Yesterday, the Mariners helped to fill a hole that had been gaping in their lineup for years by adding power-hitter Kendrys Morales. In order to add this 29 year-old first baseman, Seattle sent Jason Vargas to the Angels.
This was an excellent deal for Seattle for two main reasons. First of all, Seattle gained something they dearly needed without spending money. In addition, they gave up a piece that was, not only unimportant to the team’s future, but was on the verge of losing its value.
Morales is an impact bat. He’s no Josh Hamilton, but he has certainly demonstrated his ability to be a legitimate power hitter. In Morales’ only full season in the MLB, which was 2009, he posted a .924 OPS and finished fifth in AL MVP voting. In the following year of 2010, he averaged a homerun every nineteen at bats before injuring himself celebrating a walk-off homerun just fifty-one games into the season.
Morales missed the rest of the 2010 season and the entire 2011 campaign as a result of the injury before coming back to play 134 games last year. In his limited opportunities, he hit twenty-two homeruns and posted a line of .273/.320/.476.
Remember that those numbers were produced by a man who had not played in almost two years. His numbers improved as the year progressed, so now that he has shaken off the cobwebs, he is ready to be the player he was pre-injury. For those of you worried about his health, the Mariners did extensive research concerning the status of his injury before making this deal, so it appears that he is ready to play every day at first base.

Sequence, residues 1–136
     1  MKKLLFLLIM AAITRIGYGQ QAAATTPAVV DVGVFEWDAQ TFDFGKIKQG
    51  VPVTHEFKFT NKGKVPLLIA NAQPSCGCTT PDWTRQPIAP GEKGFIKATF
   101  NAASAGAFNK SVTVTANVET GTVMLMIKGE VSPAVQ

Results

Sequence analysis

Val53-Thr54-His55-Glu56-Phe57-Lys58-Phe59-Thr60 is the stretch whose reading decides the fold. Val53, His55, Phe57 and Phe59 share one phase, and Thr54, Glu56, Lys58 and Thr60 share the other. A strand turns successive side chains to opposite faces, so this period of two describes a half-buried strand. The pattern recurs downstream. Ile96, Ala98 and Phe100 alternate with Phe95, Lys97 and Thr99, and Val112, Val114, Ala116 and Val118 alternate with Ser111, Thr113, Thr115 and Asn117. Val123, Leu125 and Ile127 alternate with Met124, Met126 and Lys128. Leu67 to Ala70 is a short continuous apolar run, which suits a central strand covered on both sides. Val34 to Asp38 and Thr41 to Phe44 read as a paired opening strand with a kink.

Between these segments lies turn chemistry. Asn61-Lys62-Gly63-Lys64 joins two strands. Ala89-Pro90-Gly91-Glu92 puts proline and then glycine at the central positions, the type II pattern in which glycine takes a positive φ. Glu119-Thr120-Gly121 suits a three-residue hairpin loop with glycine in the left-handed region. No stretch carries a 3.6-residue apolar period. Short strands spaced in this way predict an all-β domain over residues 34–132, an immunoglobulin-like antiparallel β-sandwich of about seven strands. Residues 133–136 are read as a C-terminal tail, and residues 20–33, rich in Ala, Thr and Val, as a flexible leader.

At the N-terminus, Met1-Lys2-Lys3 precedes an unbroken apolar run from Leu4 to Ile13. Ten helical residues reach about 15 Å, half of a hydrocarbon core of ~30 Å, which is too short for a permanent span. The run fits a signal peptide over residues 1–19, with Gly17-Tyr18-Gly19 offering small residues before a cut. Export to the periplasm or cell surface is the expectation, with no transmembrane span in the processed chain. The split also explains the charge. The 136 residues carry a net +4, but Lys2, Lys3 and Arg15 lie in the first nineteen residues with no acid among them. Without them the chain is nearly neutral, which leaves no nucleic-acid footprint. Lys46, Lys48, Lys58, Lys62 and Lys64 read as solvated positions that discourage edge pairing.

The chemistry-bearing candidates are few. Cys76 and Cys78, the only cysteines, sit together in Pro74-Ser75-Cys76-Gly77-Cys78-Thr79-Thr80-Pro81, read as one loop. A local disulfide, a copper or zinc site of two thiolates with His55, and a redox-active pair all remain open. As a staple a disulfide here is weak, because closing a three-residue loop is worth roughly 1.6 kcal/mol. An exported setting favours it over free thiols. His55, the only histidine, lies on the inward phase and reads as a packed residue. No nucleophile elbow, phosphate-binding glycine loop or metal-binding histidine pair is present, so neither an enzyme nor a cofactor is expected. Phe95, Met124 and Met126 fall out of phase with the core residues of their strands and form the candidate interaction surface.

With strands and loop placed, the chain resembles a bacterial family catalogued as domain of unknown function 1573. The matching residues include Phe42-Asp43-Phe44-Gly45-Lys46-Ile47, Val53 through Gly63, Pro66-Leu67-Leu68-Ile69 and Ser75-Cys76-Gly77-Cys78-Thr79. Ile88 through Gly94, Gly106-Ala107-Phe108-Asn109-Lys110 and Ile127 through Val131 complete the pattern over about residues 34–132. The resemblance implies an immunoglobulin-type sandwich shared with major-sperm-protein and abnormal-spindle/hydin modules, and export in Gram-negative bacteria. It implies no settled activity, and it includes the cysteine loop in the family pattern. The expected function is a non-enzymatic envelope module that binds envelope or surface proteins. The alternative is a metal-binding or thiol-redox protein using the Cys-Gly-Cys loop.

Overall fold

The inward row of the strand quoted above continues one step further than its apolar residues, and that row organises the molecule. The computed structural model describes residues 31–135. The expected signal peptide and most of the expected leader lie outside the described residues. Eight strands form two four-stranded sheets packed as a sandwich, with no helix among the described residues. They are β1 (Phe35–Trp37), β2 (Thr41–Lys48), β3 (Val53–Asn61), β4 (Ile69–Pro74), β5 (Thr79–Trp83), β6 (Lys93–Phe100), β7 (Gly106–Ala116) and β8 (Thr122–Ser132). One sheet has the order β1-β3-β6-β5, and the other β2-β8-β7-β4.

With the switch-hitting Morales in the middle of Seattle’s order, the young players around him will have a lot less pressure mounted on their back and they are now more likely to come to the plate with men on base. The addition of Morales will help everyone in the lineup.
As for losing Jason Vargas, I am not at all disappointed. As I have said in previous articles, I believe that Vargas would have quickly lost value once dropped into the habitat of the new Safeco Field. His success has been largely due to the pitcher-friendly ballpark, but with the fences coming in, Vargas’ numbers at home would have reflected the new dimensions. He would have had close to no trade value by the trade deadline next year. It was wise to move him now.
Vargas’ loss will also not damage Seattle’s future considering there are lots of great young pitchers in the top of the farm system that will step up into the void left by Vargas by the time that Seattle is in the playoff hunt.
There is nothing not to like about the long-term effects of this trade. Seattle now has a dependable middle of the lineup bat, something that they have not had since Raul Ibanez.